Massachusetts Part Two

Our second to last day on Cape Cod Jacob and I boarded a Hyannis Whale Watcher boat to hopefully see some pelagic birds.  The guy in charge of the microphone saw us boarding and asked if we were birders.  We said yes, and he chatted about all the birds we could see, and once on the water called out birds we were passing.  He may have called a Cooper's Hawk a Merlin but I was grateful when he called out the only Manx Shearwaters of the trip.

The first awesome birds we came across were Northern Gannets.  We saw dozens if not hundreds during the boat trip. 

Cory's Shearwaters were by far the most abundant shearwater that day.

We also had Great Shearwaters, one or two Sootys, and the two Manx already mentioned.

Great Shearwater

Of course there were jaegers keeping things exciting.

Parasitic, I think

We missed storm-petrels and terns but that's ok.  Plenty of humpback whale action provided entertainment.

The next morning Jacob and I planned to make it to Highland Light, a lighthouse near the tip of Cape Cod, for the sunrise over the Atlantic Ocean.  Success all around.  When we arrived the harvest moon was setting and the sky was starting to turn brilliant colors.

Jacob stayed behind when I walked out towards the beach to see the lighthouse from the angle shown above.   When I returned to where Jacob was set up, I came around the corner and there were twenty more people standing there.  Ugh.  A whole photography class had shown up.  Oh well, there goes the peaceful sunrise.  The dude with the drone didn't help either.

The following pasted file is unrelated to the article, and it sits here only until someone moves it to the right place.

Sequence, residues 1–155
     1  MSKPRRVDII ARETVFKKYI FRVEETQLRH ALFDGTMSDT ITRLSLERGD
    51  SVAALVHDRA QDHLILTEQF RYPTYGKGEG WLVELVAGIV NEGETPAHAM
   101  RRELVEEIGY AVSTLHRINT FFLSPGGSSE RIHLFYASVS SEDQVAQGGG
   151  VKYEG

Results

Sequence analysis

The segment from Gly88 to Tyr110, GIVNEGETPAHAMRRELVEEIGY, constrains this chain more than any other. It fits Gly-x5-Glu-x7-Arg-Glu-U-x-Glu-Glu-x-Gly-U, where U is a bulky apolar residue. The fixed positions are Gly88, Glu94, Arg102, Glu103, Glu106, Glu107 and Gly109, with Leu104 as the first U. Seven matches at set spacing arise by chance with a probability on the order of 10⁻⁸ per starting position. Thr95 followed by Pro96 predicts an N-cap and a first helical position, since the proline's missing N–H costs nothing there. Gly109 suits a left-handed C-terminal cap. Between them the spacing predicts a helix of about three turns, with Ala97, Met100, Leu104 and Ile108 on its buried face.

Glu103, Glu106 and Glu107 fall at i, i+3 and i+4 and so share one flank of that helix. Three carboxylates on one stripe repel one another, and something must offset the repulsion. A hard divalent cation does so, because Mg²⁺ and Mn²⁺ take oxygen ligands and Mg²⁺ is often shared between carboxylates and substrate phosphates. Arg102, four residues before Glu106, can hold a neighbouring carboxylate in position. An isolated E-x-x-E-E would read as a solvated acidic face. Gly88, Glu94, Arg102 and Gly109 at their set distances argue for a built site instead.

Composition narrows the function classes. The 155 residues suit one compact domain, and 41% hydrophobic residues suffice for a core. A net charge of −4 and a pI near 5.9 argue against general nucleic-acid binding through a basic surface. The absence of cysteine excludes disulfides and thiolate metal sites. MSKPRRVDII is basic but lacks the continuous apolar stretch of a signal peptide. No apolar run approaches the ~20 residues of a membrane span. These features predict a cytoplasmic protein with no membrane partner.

Still beautiful, even with all the people.

 The original plan had been to stick around and bird this area after the sun rose but with all the people and more importantly, all the mosquitoes, we decided to head up to Race Point Beach instead. 

Hundreds of birds were flying over the water, though mostly too far out for decent binocular views.  There were terns by the truckload, plus shearwaters and gulls and at least four jaegers.  On the beach were Sanderlings and more Sanderlings, a few Dunlin and a lone Semipalmated Sandpiper.

When the terns would occasionally come close-ish to shore we would try get photos to pick out different species.  There were lots of Common and Forster's, though this bird seems to have a bigger bill:

Kind of looks like either a Caspian or a Royal, though either would be rare at this time, so maybe I'm way off.

Then there's this photo, which I think is a Forster's and a Common, but could be wrong. 

And a Common Tern fishing relatively close in:

The number of jaegers was impressive.  At any point you could look out and find one tearing things up way out there.

I am guessing they are all Parasitic but my confidence is low in jaeger ID.   Note to self:  more boats.

Hard to identify terns and jaegers are great and all, but the real highlight at Race Point for me were the gray seals.  Lifer mammal!

Wikipedia has taught me that their Latin name means "Hooked-nosed sea pig."

Sea pigs.  Love it.

This spot was a good reminder that I can't identify terns for shit, especially when they're far out on the water.  Something to work on.

While we were at my parents' house I set up my camera trap every night to see what I might catch.  I was super psyched to catch a red fox twice, plus a raccoon, skunk, squirrels, chipmunks, and an Eastern Towhee.

I think that's everything from our trip.  Congrats to Jacob for surviving a week with my family!  Congrats to my family for surviving a week with us!  Good times!!